Our neighbor to the west was Mr. Shaver, a bachelor who used his property as a summer cottage and was civil to my parents, but didn’t like children trespassing on his property. One night my parents heard somebody apparently breaking into Mr. Shaver’s house with an axe, and they called the sheriff. They were red-faced the next day when Mr. Shaver, still in a rage, complained that the sheriff’s deputies had surrounded his house while he was entertaining a lady friend (and had been out in the back chopping wood for a romantic fire). Mr. Shaver had an outhouse whose walls he had decorated with magazine photos of movie stars. We were fooling around in it one day, and Steven locked me in and went home. I must have been there for an hour, and, when he didn’t return, I climbed up by pressing my feet and back on the walls and crawled out through a small space under the roof. In the process, I made a major mess out of Mr. Shaver’s photo decor.
Lou Reed’s house was a half-mile beyond Mr. Shaver’s, and he would hire me in the summer for twenty-five cents an hour to weed his large garden patch. It was hot, tiresome work, and my parents would bring me an ice cream cone from the Ideal Dairy to make me feel better. One summer the Reeds hired me to watch their house, water the plants, and feed their cat while they were away for two weeks. I enjoyed exploring their house, looking through drawers, etc. One afternoon I went into an attic storage space and inadvertently locked myself in. I wound up having to break the door down to get out, and it was a very mortified child who had to confess to Mr. Reed what had happened.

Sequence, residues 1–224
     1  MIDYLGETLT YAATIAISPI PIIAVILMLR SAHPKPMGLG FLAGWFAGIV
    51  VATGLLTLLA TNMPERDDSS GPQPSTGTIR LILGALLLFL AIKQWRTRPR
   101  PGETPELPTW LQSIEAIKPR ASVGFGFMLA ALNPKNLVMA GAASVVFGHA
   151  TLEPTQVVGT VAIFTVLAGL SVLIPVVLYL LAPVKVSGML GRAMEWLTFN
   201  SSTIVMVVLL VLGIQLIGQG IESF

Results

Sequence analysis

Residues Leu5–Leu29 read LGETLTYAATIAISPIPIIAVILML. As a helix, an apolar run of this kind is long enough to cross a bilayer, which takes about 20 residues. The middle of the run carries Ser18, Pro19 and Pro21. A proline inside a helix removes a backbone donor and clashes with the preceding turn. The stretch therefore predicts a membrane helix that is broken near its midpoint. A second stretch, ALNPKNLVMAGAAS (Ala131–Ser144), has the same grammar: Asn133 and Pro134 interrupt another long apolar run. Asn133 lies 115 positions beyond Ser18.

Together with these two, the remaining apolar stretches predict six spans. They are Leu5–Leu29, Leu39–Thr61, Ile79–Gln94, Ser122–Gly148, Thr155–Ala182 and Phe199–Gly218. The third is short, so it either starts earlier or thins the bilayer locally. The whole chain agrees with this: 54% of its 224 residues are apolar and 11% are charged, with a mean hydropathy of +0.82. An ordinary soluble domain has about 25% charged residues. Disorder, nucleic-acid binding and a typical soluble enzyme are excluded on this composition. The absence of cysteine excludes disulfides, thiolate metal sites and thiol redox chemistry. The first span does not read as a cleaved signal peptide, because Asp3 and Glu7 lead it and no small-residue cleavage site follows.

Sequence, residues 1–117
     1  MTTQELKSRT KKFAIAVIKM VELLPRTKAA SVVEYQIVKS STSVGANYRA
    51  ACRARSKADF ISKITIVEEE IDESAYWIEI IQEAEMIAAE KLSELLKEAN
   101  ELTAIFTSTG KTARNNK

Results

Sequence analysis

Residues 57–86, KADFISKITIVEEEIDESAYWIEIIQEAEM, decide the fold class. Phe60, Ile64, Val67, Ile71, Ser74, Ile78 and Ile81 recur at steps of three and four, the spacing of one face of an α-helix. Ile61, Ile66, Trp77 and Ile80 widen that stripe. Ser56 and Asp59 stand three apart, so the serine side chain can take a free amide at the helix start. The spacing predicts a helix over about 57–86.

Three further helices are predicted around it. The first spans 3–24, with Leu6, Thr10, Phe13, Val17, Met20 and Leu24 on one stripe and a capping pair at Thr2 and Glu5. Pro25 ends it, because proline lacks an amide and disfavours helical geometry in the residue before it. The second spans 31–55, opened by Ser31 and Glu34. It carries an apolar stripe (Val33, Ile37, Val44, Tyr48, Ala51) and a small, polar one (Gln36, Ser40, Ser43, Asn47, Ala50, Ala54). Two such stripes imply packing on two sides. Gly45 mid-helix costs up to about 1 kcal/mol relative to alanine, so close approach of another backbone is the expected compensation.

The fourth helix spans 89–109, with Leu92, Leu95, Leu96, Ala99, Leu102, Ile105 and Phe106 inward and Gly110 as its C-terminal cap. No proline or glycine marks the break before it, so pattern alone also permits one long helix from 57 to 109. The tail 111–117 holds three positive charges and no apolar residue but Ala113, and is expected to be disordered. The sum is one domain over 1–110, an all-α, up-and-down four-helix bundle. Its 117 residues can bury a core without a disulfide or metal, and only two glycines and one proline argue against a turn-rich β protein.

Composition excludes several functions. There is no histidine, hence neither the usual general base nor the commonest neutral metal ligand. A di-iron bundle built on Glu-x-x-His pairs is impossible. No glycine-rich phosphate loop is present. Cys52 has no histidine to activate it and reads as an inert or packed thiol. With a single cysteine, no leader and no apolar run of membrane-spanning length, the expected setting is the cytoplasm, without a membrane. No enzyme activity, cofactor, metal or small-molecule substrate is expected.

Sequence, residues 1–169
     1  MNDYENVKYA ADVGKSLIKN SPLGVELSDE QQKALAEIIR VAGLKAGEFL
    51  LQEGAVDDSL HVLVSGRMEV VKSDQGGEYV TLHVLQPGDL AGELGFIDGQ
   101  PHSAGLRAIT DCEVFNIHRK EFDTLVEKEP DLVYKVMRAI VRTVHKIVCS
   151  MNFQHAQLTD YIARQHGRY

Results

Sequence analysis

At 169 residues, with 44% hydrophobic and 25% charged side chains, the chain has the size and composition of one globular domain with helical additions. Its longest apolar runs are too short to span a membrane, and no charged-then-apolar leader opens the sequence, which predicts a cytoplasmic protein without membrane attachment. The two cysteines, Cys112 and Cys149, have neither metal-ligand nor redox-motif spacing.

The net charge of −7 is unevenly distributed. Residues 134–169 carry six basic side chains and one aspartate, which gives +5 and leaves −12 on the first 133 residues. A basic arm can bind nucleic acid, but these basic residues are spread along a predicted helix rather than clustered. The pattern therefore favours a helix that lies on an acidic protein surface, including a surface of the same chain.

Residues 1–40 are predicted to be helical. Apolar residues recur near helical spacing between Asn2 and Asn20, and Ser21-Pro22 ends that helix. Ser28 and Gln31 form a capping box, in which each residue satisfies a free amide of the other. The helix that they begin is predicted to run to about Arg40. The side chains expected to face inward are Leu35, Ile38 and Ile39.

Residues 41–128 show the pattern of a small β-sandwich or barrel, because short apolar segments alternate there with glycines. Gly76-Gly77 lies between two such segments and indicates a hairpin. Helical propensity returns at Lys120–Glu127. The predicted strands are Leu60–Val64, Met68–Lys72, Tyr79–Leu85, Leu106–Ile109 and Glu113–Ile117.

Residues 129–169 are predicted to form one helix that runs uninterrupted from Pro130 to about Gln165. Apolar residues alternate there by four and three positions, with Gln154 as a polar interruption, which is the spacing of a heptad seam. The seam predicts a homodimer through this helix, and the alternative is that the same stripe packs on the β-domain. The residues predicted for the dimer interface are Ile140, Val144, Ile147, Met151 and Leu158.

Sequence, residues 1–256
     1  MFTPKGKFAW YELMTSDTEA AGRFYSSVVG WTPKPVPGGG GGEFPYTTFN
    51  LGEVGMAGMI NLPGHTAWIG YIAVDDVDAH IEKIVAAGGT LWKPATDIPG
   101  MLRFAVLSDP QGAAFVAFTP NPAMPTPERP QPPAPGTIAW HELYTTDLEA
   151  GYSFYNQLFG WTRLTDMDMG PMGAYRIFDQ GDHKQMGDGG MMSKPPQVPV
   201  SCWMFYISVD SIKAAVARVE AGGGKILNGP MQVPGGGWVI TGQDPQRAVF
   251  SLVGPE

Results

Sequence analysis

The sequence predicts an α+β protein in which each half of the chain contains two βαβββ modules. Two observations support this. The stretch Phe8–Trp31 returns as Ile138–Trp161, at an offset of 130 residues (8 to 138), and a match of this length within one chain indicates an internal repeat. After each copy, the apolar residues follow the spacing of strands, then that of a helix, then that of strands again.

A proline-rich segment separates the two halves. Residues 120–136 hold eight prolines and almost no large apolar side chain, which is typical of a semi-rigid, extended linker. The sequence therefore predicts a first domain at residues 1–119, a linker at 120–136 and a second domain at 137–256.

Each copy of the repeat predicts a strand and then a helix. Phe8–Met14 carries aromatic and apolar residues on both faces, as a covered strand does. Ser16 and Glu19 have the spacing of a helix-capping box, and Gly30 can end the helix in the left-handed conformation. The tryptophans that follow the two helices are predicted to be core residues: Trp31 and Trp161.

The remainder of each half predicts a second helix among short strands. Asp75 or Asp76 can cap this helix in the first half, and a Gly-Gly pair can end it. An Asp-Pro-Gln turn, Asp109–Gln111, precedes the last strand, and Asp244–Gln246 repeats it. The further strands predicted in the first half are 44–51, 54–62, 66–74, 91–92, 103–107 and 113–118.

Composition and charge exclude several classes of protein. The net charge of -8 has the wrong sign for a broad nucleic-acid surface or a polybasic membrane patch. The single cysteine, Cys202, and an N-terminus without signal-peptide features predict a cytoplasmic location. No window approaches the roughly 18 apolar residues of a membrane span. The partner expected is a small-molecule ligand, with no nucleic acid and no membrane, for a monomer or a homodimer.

There were a lot of other places of import on Riverside Boulevard: Mason Park, the Popkey’s, the silo, our tree farm property across the road, Little River, the horse pasture, the riding stables. Suffice it to say that Riverside Boulevard was the center of my world from ages 9 to 18, and I have many memories, good, bad, silly, serious, trivial, and consequential that are connected with it. Nowadays it’s pretty built up, but it was more of a wild place in days gone by.